In her memoir, The Story of My Life: Recollections and Reflections, Dame Ellen writes:

‘When Henry Irving put on “Much Ado About Nothing”—a play which he may be said to have done for me, as he never really liked the part of Benedick—I was not the same Beatrice at all. A great actor can do nothing badly, and there was so very much to admire in Henry Irving’s Benedick. But he gave me little help. Beatrice must be swift, swift, swift! Owing to Henry’s rather finicking, deliberate method as Benedick, I could never put the right pace into my part. I was also feeling unhappy about it, because I had been compelled to give way about a traditional “gag” in the church scene, with which we ended the fourth act. In my own production we had scorned this gag, and let the curtain come down on Benedick’s line: “Go, comfort your cousin; I must say she is dead, and so farewell.” When I was told that we were to descend to the buffoonery of:

Beatrice: Benedick, kill him—kill him if you can.
Benedick: As sure as I’m alive, I will!

I protested, and implored Henry not to do it. He said that it was necessary: otherwise the “curtain” would be received in dead silence. I assured him that we had often had seven and eight calls without it. I used every argument, artistic and otherwise. Henry, according to his custom, was gentle, would not discuss it much, but remained obdurate. After holding out for a week, I gave in. “It’s my duty to obey your orders, and do it,” I said, “but I do it under protest.” Then I burst into tears. It was really for his sake just as much as for mine. I thought it must bring such disgrace on him! Looking back on the incident, I find that the most humorous thing in connection with it was that the critics, never reluctant to accuse Henry of “monkeying” with Shakespeare if they could find cause, never noticed the gag at all!


Ellen Terry  drawn from photographs  by  Albert Sterner

Ellen Terry drawn from photographs by Albert Sterner and included in her memoir.


“This mutable woman, all instinct, sympathy and sensation, is as painstaking a student and as careful of the dignity of her art as Flaubert himself.” Virginia Woolf

“[Her name] rings like a chime through the last quarter of the 19th century.” George Bernard Shaw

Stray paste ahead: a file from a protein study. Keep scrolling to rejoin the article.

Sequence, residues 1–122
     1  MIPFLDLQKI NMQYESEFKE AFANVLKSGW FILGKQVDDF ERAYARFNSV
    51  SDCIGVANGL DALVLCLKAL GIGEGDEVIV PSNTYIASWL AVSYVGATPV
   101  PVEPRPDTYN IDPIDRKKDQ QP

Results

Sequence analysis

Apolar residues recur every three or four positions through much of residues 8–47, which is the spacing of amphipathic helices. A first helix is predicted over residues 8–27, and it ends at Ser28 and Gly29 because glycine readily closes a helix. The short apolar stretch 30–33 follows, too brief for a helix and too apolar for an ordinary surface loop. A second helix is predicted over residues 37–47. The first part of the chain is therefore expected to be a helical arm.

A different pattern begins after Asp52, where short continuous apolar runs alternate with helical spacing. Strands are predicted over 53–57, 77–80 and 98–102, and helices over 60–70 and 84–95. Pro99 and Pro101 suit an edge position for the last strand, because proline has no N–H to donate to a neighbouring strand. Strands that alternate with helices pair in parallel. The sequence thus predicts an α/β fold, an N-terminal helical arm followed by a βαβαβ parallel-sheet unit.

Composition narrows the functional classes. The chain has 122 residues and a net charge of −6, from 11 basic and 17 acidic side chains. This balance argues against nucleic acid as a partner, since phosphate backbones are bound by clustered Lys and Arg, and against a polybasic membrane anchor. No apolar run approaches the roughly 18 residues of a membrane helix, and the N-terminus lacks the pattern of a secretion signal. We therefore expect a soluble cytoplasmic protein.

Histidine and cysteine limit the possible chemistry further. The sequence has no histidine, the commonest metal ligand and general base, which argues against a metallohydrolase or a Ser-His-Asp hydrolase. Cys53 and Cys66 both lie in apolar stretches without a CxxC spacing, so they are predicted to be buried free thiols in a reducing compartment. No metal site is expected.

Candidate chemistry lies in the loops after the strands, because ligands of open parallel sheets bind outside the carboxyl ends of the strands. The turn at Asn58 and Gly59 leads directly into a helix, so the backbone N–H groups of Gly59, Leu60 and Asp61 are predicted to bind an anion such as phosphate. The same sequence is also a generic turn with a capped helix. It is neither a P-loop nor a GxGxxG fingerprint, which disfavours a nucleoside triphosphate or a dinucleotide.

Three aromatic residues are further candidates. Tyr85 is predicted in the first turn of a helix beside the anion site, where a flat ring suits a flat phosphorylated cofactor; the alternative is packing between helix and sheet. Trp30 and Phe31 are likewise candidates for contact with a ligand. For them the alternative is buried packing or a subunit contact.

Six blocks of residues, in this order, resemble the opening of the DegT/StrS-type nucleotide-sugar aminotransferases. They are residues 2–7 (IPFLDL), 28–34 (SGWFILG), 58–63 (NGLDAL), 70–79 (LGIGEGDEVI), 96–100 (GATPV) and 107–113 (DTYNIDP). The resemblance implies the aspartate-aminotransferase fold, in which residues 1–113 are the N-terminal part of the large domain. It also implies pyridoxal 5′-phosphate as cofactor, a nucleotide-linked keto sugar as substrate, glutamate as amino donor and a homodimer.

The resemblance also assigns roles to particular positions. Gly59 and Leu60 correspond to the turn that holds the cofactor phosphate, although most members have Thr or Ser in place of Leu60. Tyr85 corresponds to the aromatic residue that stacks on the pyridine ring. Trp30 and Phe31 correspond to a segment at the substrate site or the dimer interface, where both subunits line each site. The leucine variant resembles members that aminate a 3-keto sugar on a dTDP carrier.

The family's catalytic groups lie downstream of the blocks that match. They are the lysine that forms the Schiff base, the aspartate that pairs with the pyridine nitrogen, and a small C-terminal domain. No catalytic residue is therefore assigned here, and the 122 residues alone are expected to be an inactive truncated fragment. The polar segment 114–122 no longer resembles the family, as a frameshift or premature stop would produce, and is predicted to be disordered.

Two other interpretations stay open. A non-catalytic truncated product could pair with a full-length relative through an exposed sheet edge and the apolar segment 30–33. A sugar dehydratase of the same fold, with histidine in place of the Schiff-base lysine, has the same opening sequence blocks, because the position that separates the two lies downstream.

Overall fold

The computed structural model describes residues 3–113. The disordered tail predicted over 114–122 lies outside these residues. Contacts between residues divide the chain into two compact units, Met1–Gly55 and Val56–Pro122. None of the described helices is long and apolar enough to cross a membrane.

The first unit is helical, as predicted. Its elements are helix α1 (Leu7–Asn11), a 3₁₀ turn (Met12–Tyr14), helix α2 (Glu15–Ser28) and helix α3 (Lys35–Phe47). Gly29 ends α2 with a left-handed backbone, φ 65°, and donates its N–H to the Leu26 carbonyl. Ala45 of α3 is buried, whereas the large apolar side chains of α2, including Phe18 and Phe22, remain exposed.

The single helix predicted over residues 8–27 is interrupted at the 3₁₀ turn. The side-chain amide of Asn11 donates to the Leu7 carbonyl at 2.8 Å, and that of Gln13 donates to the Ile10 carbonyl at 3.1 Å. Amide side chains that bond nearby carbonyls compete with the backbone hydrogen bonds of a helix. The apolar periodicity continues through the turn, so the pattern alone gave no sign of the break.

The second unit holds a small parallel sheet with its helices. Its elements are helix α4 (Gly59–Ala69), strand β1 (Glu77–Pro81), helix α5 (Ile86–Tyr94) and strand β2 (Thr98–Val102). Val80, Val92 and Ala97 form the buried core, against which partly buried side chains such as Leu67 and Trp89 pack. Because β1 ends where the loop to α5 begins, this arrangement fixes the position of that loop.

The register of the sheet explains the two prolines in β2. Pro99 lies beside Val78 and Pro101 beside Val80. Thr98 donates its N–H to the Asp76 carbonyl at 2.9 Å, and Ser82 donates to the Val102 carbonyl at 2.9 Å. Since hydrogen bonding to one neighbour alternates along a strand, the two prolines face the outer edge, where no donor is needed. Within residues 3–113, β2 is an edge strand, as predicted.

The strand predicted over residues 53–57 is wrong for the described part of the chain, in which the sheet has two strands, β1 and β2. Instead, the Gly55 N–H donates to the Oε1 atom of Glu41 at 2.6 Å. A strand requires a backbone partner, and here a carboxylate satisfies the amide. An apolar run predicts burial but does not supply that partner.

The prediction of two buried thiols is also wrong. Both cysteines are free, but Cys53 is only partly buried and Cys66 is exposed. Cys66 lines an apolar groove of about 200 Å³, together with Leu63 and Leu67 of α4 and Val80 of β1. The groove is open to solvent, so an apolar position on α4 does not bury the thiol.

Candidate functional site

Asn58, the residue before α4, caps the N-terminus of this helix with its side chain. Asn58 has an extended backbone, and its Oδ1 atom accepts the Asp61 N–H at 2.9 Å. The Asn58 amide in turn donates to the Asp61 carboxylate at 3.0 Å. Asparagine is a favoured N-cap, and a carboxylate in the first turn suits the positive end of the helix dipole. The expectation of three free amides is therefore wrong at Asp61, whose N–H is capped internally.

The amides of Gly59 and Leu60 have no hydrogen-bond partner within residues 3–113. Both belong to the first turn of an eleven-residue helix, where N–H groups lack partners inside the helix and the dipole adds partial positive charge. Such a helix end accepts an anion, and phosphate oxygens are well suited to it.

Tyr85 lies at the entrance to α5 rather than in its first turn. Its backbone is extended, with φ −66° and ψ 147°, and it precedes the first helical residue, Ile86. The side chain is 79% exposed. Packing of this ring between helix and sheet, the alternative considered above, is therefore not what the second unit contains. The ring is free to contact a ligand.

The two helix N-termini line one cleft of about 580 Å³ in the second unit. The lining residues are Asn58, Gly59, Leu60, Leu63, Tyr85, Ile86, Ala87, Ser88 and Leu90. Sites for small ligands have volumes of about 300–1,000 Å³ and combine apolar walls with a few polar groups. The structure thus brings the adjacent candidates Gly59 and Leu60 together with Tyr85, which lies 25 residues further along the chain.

“Blow that word charm! There is more to my acting than charm!” Ellen Terry

These three quotes are taken from a Lynne Truss article in The Guardian.


Take care and keep laughing!

Sarah


First Night Design

This is the best film version of Charles Dickens’ classic tale bar none! Alastair Sim [1900–1976] was a sublime actor and farceur. I was lucky enough to see him on stage on several occasions including Peter Pan at the Scala Theatre, where he played Mr Darling and Captain Hook, and the title role in Arthur Wing Pinero’s farce, The Magistrate at the Criterion. Genius.

Director: Brian Desmond Hurst
Writing Credits: Charles Dickens … (adapted from A Christmas Carol)
Noel Langley: (adaptation and screenplay)

Cast (in credits order)

Alastair Sim …Ebenezer Scrooge

Kathleen Harrison …Mrs. Dilber

Mervyn Johns …Bob Cratchit

Hermione Baddeley …Mrs. Cratchit

Michael Hordern …Jacob Marley

George Cole …Young Ebenezer Scrooge

John Charlesworth …Peter Cratchit

Francis De Wolff …Spirit of Christmas Present (as Francis de Wolff)

Rona Anderson …Alice

Carol Marsh …Fan Scrooge

Brian Worth …Fred

Miles Malleson …Old Joe

Ernest Thesiger …The Undertaker

Glyn Dearman …Tiny Tim

Michael Dolan…

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One from the archive.

First Night Design

You're the Cream in my Coffee © Sarah VernonYou’re the Cream in my Coffee © Sarah Vernon

Today is a good day for I discovered that the above artworks, You’re the Cream in My Coffee Valentine and Travelling with the Buzzard, were variously featured in the Fine Art America groups Digital Touch, 3 A Day Greeting Cards and Female Artists.